"Already a number of rural populations around the world are suffering from the decline of agricultural systems. Climate change would add to this. And we would expect that it would accelerate the flood of environmental refugees around the world. But it includes not just the food production systems, but the patterns of distribution of insects and infective agents around the world. It includes likely effects on patterns of heat-related food poisoning, water contamination and diarrhea diseases, lots of things like this that would respond sensitively to changes in climate."

  Woman: Global warming could affect the distribution of insects. Global warming could change patterns of heat-related food poisoning.

  Many countries now agree that something must be done to reduce the danger of global warming. But a worldwide agreement on lowering the production of carbon dioxide has been difficult to reach. This is because many economies depend on fossil fuels like oil. Scientists believe it"s now the politicians in every region of the world who need to take action.

  Part V Do you know…?

  Environment has taken rather a back seat politically since the Earth summit in Rio de Janeiro nearly 5 years ago. But the problems that meeting highlighted had not gone away. One environmental think tank — the International Food Policy Research Institute — has been looking at the future of water and its report reflects growing concern at the huge leap in usage over the past few years.

  In some parts of the world, water consumption has increased fivefold. And the institute, known by its initials IFPRI, says shortages could soon become the trigger for conflict and a major barrier to feeding the world"s growing population. Here"s Richard Black of our Science Unit.

  "It"s often been said that water rather than oil will be the cause of warfare in the next century. According to the IFPRI report, the time when that happens might not be far away. The number of people affected by water shortage will increase tenfold over the next 30 years, it says, which could well lead to large scale conflicts.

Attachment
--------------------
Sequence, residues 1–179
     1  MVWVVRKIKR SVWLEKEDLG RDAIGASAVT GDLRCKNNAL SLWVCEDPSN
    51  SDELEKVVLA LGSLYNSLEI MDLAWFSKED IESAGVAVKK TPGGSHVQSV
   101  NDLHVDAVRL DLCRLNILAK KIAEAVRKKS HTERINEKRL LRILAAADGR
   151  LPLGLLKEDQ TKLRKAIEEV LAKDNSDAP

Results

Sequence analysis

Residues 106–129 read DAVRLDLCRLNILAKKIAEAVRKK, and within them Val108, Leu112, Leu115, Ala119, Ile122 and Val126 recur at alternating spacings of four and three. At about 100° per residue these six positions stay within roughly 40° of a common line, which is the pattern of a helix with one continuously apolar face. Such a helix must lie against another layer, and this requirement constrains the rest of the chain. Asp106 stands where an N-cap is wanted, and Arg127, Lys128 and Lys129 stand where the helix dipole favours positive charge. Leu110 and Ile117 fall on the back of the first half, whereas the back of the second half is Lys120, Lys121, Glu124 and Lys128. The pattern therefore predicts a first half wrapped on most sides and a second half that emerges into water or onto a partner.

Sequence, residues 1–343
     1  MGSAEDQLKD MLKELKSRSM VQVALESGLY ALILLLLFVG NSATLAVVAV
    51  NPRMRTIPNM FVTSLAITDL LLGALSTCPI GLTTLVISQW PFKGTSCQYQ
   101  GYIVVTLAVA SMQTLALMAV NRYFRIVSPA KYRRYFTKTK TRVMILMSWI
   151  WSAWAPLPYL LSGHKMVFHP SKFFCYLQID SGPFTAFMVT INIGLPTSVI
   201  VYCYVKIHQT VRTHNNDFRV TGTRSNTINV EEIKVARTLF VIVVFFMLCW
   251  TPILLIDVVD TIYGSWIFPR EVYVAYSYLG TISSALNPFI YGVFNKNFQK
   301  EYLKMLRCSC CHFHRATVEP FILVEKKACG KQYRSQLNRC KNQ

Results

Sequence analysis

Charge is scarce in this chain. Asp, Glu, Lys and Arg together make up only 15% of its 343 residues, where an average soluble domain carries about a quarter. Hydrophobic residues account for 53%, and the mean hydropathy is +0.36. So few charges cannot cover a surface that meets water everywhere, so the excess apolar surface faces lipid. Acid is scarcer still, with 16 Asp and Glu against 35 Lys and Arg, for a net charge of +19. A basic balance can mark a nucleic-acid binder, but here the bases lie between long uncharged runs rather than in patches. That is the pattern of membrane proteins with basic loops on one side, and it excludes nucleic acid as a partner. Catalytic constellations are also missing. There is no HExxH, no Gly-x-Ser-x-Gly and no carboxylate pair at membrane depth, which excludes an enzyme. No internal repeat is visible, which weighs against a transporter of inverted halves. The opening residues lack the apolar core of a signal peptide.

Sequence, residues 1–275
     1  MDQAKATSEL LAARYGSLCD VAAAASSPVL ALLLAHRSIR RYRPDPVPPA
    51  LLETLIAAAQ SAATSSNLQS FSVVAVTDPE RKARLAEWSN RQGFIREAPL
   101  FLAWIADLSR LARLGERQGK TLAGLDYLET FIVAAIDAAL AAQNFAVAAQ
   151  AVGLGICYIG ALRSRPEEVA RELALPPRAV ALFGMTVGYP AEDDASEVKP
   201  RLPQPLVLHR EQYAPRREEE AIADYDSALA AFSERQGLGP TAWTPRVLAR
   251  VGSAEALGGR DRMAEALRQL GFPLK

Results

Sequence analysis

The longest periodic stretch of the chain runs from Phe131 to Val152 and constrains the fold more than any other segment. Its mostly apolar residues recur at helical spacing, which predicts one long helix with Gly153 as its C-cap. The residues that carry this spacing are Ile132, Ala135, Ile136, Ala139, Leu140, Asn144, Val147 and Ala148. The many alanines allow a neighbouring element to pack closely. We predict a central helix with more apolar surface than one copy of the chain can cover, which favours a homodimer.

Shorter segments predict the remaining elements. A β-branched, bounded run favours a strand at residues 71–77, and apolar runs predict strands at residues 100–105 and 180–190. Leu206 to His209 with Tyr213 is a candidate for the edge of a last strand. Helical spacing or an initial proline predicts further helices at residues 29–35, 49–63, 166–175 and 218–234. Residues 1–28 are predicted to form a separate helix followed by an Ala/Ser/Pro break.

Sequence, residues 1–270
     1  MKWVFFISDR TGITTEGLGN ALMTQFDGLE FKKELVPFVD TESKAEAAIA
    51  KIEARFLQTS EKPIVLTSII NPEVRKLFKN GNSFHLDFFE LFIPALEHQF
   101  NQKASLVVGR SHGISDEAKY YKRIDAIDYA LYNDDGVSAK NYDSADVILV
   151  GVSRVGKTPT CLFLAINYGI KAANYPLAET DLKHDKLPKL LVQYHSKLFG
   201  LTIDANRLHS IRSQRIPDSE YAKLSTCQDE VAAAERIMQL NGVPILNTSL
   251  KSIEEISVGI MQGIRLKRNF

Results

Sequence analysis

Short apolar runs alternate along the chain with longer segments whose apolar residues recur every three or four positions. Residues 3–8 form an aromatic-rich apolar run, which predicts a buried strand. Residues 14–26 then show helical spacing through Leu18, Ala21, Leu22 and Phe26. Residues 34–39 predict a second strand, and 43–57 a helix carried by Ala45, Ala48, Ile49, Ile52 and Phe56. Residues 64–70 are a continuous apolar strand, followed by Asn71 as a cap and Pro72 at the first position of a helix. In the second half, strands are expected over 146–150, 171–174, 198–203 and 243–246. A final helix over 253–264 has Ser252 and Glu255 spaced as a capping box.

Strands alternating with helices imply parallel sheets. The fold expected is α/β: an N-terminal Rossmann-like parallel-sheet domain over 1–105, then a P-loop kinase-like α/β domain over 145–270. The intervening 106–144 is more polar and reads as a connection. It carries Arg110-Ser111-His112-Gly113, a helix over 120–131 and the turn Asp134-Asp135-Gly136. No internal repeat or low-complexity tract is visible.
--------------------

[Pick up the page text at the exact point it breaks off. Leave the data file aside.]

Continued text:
The main reason why water is becoming a scarce resource is agriculture, which now accounts for70% of water consumption worldwide, 90% in some developing countries. Countless farmers have switched from growing indigenous crops for the home market to high yield export varieties, which inevitably need far more water. But the IFPRI report says that in some regions water shortage is now the single biggest impediment to feeding the population. Water scarcity also leads to water pollution. In the Indian State of West Bengal, for example, over extraction of water from bore holes has led to arsenic poisoning which is estimated to have affected two million people so far. But the IFPRI report calls for better water management worldwide including financial incentives to encourage conservation."

  That report by Richard Black of our Science Unit.

  Part II The Earth at risk (I)

  A.

  I (Interviewer): Brian Cowles is the producer of a new series of documentaries called "The Earth at Risk" which can be seen on Channel 4 later this month. Each program deals with a different continent, doesn"t it, Brian?

  B (Brian Cowles): That"s right. We went to America, both North and South and then we went over to Africa and South-East Asia.

  I: And what did you find in each of these continents?

  B: Starting with Africa, our film shows the impact of the population on the environment. Generally speaking, this has caused the Sahara Desert to expand. It"s a bit of a vicious circle we find. People cut down trees for firewood and their domestic animals eat all the available plants — and so consequently they have to move south as the Sahara Desert expands further south. I mean, soon the whole of Mali will become a desert. And in East Africa: here the grasslands are supporting too many animals and the result is, of course, there"s no grass — nothing for the animals to eat.

  I: I see. And the next film deals with North America?